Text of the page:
Continuing my brief tour through films adapted from novels by Stanley Ellin, I caught up with this comedy thriller which I skipped on initial release. A vehicle for TV star Farrah Fawcett-Majors, it didn’t make her click as a big-screen leading lady and I tend to get her films mixed up with a run of similar duds built around Bo Derek – the blonde who got through this period and went on to succeed was Goldie Hawn, and this film would have been much more entertaining if Charles Grodin had Goldie to play off rather than a smiling hairdo in fab outfits.
Based on Ellin’s The Bind, it’s sort of a fusion of What’s Up Doc and The Long Goodbye as insurance investigator Jake Decker (Grodin) needs a woman to pose as his wife while he delves into a suspect death in a colony of rich folks in Acapulco – and gets stuck with Ellie (FFM), a ditz who meets cute with him on a plane by spilling a cocktail on his white trousers so it looks like he’s pissed himself. Given that the script – by Stephen Oliver, actor James Booth (who isn’t in it) and produce John Daly (the non-David Hemmings half of Hemdale) – is built around giving Farrah a star turn, her character is still a void. At one point she says she’s just come out of a violently abusive marriage, which is a solemn note for a romp and doesn’t turn out to have any thematic tie with the rest of the plot … and while she flounders whenever pressed into doing undercover stuff (both her big spy-type missions involve changing into bathing suits) she also spots a few clues that the trained PI misses. I wondered whether there was a draft in which the clumsiness was a feint and Ellie turned out to be a rival detective out to break the case first. When she gets behind the wheel of a car near the climax, she suddenly develops the sort of stunt driving skills associated with Carey Loftin and evades pursuit bikers and bad guy cars (driving through a corrida in mid-bullfight at one point) in a manner that at least gives director Richard C. Sarafian a chance to freshen up his old Vanishing Point action skills. But, no, Ellie’s just a lucky idiot who gets handed wins by the film without her needing to put in every effort.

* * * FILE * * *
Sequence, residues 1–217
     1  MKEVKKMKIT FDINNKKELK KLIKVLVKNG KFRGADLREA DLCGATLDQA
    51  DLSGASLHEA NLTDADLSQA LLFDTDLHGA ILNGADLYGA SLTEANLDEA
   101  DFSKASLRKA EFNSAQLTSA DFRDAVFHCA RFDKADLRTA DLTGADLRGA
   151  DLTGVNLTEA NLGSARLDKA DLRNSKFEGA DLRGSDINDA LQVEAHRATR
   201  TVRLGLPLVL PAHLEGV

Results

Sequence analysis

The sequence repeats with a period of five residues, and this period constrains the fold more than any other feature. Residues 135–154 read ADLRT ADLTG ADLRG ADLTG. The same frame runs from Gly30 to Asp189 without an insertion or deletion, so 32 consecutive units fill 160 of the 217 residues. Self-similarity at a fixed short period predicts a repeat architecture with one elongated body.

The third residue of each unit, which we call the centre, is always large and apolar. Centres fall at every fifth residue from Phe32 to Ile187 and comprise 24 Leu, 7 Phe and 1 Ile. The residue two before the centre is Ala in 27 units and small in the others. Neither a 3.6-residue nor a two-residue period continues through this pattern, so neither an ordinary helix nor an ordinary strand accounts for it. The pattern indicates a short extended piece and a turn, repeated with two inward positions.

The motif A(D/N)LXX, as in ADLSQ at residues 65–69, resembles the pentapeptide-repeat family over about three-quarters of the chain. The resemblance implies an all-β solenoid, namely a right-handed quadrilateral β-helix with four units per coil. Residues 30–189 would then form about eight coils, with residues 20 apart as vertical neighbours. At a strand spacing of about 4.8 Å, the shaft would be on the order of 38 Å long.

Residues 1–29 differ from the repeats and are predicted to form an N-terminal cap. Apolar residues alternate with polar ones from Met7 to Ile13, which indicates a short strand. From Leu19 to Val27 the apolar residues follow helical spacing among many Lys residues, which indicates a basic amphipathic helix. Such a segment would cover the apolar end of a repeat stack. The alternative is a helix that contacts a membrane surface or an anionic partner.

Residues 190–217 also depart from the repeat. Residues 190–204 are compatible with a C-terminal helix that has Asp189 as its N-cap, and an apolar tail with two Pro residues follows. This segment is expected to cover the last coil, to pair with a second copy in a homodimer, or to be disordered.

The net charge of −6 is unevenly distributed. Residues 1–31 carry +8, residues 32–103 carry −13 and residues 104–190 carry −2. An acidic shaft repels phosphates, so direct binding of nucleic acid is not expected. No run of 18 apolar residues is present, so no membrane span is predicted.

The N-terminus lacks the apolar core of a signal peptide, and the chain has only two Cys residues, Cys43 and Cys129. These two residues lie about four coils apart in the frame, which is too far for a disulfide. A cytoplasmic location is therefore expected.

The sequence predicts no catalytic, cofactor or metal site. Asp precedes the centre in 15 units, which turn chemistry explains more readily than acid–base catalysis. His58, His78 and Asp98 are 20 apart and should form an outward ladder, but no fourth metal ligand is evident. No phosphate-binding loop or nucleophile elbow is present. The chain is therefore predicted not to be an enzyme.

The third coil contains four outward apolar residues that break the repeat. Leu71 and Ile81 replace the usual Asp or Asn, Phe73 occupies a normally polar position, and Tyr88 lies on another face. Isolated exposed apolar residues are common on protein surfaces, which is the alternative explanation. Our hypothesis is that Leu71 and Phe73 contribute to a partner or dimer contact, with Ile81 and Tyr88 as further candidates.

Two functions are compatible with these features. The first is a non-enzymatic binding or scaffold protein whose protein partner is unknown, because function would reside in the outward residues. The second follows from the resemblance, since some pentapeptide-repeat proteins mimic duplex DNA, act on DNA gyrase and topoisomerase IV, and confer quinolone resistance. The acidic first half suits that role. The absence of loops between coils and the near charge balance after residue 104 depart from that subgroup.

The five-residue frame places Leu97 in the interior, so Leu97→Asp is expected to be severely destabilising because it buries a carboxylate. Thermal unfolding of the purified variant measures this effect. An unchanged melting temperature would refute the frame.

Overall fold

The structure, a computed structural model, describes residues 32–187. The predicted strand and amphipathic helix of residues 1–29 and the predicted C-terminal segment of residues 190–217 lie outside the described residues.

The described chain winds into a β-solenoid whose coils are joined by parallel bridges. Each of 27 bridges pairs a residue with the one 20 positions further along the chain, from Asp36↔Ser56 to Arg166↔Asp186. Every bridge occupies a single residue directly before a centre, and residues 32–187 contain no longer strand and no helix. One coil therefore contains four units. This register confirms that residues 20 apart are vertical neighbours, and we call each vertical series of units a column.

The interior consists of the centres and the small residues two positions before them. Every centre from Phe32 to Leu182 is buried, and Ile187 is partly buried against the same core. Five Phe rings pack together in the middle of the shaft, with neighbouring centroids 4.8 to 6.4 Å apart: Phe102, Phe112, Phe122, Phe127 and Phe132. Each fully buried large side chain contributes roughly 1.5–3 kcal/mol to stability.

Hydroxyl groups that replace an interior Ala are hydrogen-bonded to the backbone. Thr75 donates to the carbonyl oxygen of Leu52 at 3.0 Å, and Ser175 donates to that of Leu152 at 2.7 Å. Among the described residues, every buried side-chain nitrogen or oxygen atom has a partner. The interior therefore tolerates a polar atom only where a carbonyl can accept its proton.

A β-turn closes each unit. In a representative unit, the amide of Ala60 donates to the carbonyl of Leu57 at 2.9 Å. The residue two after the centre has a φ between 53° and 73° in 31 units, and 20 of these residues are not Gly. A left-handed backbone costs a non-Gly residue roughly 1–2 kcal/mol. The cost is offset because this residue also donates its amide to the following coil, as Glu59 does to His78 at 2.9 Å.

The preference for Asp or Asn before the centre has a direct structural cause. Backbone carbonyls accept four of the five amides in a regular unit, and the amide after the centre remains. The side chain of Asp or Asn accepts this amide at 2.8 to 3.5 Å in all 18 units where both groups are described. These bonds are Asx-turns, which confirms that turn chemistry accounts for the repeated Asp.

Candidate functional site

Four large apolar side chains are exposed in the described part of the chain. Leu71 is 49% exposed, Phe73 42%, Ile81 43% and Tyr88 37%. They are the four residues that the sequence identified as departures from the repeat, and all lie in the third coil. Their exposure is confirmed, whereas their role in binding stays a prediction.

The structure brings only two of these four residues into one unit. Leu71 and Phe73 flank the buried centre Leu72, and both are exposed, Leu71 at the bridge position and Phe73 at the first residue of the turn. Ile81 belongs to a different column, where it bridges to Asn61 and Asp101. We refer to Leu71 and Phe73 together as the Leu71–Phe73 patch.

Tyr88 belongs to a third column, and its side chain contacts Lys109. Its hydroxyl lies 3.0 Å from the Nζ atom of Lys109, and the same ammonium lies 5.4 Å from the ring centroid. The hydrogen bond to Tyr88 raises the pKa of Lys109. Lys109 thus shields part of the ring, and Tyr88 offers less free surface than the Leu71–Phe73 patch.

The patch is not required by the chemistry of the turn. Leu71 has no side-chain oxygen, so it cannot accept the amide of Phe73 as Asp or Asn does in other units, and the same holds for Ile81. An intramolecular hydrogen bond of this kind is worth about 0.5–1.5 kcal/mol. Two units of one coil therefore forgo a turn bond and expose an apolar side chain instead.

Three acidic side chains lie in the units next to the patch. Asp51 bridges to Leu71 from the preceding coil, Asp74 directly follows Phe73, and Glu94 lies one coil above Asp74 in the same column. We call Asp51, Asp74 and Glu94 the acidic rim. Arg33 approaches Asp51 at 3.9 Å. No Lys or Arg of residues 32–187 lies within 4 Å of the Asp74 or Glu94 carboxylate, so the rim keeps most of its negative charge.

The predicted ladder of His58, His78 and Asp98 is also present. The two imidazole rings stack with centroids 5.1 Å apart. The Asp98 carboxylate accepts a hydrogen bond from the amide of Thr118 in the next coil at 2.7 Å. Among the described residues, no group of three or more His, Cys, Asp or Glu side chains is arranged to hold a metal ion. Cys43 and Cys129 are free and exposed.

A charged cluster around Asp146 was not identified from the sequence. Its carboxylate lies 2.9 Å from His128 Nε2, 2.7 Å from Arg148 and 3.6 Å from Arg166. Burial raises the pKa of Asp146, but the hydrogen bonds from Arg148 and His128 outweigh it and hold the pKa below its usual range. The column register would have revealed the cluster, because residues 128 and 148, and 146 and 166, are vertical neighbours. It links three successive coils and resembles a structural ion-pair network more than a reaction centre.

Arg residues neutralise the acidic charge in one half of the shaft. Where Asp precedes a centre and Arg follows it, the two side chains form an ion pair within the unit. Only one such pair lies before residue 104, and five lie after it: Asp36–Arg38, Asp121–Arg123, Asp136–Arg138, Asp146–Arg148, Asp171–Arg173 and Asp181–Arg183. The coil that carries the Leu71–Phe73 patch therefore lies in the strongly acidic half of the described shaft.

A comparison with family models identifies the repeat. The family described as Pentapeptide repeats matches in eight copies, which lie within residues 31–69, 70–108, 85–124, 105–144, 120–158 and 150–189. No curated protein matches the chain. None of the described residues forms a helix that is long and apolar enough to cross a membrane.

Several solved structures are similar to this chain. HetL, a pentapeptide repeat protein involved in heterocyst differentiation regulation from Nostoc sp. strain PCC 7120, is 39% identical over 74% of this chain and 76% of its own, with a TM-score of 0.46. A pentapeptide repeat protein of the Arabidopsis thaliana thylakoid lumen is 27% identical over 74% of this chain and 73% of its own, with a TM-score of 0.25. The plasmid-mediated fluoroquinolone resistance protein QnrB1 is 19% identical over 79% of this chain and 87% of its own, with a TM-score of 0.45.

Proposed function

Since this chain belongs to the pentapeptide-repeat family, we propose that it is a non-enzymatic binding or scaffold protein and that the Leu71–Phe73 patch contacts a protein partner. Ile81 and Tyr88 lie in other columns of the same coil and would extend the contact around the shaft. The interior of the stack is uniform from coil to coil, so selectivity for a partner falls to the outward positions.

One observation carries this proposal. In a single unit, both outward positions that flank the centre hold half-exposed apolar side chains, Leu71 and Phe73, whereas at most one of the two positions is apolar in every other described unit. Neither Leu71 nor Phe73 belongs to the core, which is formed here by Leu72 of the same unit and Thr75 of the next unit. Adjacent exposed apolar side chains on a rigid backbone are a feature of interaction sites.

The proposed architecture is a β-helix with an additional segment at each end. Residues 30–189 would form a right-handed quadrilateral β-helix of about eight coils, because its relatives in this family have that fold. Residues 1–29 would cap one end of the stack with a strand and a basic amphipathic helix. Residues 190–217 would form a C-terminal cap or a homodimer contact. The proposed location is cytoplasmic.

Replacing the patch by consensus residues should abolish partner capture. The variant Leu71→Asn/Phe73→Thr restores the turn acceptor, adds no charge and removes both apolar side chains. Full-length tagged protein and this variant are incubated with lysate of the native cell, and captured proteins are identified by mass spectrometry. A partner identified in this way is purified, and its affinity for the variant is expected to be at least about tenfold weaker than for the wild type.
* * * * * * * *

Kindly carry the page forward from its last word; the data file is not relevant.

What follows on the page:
The rest of the detection is mostly handled by Decker’s local leg-man Marcus (Art Carney), who unpicks the reasons why a dead man was being blackmailed by some of his neighbours and the mob. Joan Collins has a prominent bit as a local nymphomaniac who has fantasies of being ravaged by Spider-Man or the Incredible Hulk (both on TV in the ‘70s) and is rather nastily treated by the film and its heroine (Ellie has a catty speech about the Collins character’s age). The rest of the cast runs to solid character people like William Daniels, John Hillerman, Seymour Cassel, Eleanor Parker, Keenan Wynn, Jack Kruschen and Alejandro Rey – all of whom get so little to do that I suspect there was a much longer cut that got hacked down to this before it got shoved out to cinemas. After a run of flops which included Somebody Killed Her Husband and Saturn 3, Fawcett suprisingly turned into a decent character actress in a few tough ‘issue’ movies (the DV drama The Burning Bed, the rape-revenge film Extremities).